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  • Michael Cooper from TalkPoverty

First an Opioid Addiction. Then a Life-Altering Criminal Record.

This material was published by TalkPoverty.org

(Photo by Spencer Platt/Getty Images)


America’s criminal justice system wasn’t designed for a drug epidemic on the scale of the opioid crisis. For four years I was at the epicenter in North Carolina, where as a small-town lawyer, the best I could often do was beg for probation in exchange for pleading my client to a low-level felony.

My job was to keep people out of jail, but I couldn’t control what kept bringing my clients back into the courtroom.

A common example was a young mother, caught with pills and charged with a felony for possession with intent to sell; loses her job because she couldn’t afford the bail set at $1,500; pleads guilty to the felony in return for probation so she can get out of jail; fails the drug tests on probation and ends up with the felony on her record; loses her driver’s license because of unpaid court costs and fines; and then her children because she cannot afford to provide them with food, clothing, and shelter.

I saw that every week: Someone who entered the courtroom an addict and exited a criminal. According to the North Carolina Second Chance Alliance, more than 2 million people in the state have criminal records, 90 percent of large employers ask about that history, and more than 1,000 different laws in the state deny rights and privileges due to convictions.

And like in many states, it’s difficult to expunge those convictions because of long waiting periods and narrow rules of eligibility, which makes it hard for a person to find a decent job or stable housing, or obtain the education they want. According to the Center for Economic and Policy Research, in 2014 the United States went without an estimated $78 to $87 billion in gross domestic product because of people who were unable to reenter society and participate in the workforce due to their criminal background. And that’s devastating for communities that were hardest hit by the opioid epidemic. My hometown in the foothills of North Carolina was once the home of some of the largest manufacturing businesses, including the American Furniture Company. But slowly those jobs left town and went to China, or were lost to automation. From the year 2000, when that company finally closed, to 2014, my county experienced the second worst decline of median income in the United States: from $47,992 to $33,398.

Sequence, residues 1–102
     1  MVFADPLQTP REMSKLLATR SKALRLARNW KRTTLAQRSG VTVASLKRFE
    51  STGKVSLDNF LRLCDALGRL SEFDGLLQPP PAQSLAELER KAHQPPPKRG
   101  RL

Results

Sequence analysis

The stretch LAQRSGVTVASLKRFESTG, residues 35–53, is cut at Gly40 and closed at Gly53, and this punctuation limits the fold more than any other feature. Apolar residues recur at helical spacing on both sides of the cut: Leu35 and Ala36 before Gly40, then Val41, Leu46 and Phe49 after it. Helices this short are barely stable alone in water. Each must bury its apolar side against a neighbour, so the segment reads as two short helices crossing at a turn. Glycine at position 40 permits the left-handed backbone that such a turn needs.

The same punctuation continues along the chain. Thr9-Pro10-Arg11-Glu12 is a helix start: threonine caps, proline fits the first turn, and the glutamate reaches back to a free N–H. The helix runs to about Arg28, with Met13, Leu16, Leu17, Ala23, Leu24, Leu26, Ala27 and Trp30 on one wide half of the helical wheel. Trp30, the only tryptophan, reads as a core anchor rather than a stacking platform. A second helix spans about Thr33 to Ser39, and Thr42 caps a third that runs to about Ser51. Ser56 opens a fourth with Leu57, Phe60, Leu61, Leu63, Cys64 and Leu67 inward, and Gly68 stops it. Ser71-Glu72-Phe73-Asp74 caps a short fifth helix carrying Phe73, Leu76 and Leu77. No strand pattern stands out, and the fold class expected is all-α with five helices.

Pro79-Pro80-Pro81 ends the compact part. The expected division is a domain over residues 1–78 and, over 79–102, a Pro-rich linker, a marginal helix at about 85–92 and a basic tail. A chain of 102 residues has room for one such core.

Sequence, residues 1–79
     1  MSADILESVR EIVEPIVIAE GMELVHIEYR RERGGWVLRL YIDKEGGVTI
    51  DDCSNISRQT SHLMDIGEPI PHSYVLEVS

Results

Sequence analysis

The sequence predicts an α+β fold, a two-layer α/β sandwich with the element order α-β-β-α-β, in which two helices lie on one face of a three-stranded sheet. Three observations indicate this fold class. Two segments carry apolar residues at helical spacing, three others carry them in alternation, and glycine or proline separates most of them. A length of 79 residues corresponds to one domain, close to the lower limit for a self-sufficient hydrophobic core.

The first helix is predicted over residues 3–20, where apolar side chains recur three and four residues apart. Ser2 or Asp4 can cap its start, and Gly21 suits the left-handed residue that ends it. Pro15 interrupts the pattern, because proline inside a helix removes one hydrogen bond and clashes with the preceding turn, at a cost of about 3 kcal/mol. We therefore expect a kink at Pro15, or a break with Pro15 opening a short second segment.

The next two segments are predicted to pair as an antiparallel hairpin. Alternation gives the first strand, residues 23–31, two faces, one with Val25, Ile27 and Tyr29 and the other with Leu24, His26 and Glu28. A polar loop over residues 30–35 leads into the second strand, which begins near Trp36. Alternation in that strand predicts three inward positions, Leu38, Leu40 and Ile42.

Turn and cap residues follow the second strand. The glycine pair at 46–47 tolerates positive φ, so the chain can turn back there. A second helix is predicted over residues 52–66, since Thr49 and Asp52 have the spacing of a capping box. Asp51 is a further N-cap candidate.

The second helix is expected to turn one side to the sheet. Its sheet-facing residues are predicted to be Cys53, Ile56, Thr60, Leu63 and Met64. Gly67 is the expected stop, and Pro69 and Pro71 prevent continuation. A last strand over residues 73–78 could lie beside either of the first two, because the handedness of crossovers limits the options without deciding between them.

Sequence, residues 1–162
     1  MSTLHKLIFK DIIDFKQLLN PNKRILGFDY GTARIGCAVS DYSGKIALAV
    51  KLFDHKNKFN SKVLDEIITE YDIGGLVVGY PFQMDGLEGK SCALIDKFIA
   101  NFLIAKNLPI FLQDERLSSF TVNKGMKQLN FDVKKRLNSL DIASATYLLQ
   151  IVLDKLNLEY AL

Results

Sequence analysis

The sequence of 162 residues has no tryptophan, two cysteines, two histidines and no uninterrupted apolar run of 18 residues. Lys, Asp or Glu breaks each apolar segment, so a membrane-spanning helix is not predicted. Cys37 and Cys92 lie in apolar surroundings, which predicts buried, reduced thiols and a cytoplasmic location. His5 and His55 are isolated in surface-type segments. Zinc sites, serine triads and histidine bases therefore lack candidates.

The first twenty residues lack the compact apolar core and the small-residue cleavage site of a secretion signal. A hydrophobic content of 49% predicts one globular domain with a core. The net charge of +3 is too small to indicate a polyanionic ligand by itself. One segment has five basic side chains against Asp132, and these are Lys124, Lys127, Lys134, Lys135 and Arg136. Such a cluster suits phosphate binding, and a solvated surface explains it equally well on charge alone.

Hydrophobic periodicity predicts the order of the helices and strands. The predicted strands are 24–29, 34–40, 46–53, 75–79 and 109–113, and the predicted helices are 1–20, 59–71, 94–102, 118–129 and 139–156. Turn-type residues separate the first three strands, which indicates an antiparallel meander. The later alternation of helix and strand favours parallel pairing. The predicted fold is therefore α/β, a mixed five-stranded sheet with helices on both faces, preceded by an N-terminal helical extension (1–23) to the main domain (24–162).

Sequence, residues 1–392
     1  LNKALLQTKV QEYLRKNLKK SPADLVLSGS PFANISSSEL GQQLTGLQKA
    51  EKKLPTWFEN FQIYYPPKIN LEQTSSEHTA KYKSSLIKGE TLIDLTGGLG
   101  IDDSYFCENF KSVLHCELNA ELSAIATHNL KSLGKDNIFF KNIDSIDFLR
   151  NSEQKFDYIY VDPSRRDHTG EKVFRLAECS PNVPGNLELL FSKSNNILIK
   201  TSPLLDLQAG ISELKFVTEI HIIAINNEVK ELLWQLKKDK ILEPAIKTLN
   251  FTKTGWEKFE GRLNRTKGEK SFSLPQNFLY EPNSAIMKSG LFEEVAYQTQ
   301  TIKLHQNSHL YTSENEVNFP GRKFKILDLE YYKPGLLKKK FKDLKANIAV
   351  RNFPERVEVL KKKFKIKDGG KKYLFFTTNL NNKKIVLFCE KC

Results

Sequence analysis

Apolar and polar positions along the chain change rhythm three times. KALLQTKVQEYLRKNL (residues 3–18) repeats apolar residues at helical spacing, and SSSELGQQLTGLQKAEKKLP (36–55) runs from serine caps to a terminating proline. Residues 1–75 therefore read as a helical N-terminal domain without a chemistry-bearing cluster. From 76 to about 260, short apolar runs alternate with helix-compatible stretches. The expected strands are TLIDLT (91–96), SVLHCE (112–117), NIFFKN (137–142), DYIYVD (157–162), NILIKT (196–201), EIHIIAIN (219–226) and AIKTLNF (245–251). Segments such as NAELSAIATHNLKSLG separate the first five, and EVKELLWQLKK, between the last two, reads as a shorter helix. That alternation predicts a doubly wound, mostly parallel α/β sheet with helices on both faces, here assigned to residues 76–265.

And that’s when the pills came in. Doctors overprescribed Oxycontin, Vicodin, and Percocet to people who were in pain and out of work. Many got hooked and some sold the painkillers on a black market out of their medicine cabinet. In 2007, the county experienced the third highest overdose rate in the country.

Because of a lack of funding at the state level, there’s no public defender’s office. So when I came home to work as a lawyer, I took appointed cases to supplement what I brought into our firm as a young criminal defense attorney. That meant representing as many as 15 clients a day and sometimes as many as 50 in a week. We’d be lucky to meet for more than a few minutes at a time to go over the facts before trial or to run through a plea offer while standing next to a bailiff in one of the holding cells behind the courtroom.

For every case disposed, I’d get appointed to another. Drugs were an underlying factor in almost every fact pattern.

Since 2013, the incarceration rate in rural America has risen by 26 percent.

My county wasn’t unique. The same forces of globalization and automation were devastating towns all across the country. But we didn’t discuss what was happening in those terms, and we didn’t learn about these deaths of despair by reading about them in The Atlantic. The stories were personal. It wasn’t uncommon to walk into the courtroom and see the faces of childhood friends, a young man from church, or even a next-door neighbor.

There’s a stereotype that the opioid crisis affects only middle-aged white men, but addiction doesn’t discriminate by age, race, or education level. Where there is discrimination, though, is in access to treatment. If you were from a rich household, or had a strong support system, your family could afford to send you to rehabilitation for as long as it took, up to a couple of years if need be. For everyone else, recovery options were limited and usually led back to the courtroom. (In North Carolina, programs like the Substance Abuse Prevention and Treatment Block Grant spend more than $44 million per year on recovery services, but without Medicaid expansion, many in recovery are still on their own and unable to afford inpatient treatment.)

What happened in my town happened before, in the 1970s and the 1980s, when cities hollowed out and the response to a crack epidemic was mass incarceration. Now, because of organizers and advocates in those communities, the urban incarceration rate has declined in recent years. But because of the opioid crisis, since 2013, the incarceration rate in rural America has risen by 26 percent.

Today there is legislation in North Carolina called the Second Chance Act that would expand eligibility for record expungement. Hopefully, lawmakers will get that bill passed soon. What I saw in an Appalachian courtroom wasn’t because my hometown was full of bad people. It was because the factories closed and we treated poverty and addiction by locking up the victims.

 

TalkPoverty.org—a project of the Center for American Progress—is dedicated to covering poverty in America by lifting up the voices of advocates, policymakers, and people struggling to make ends meet.


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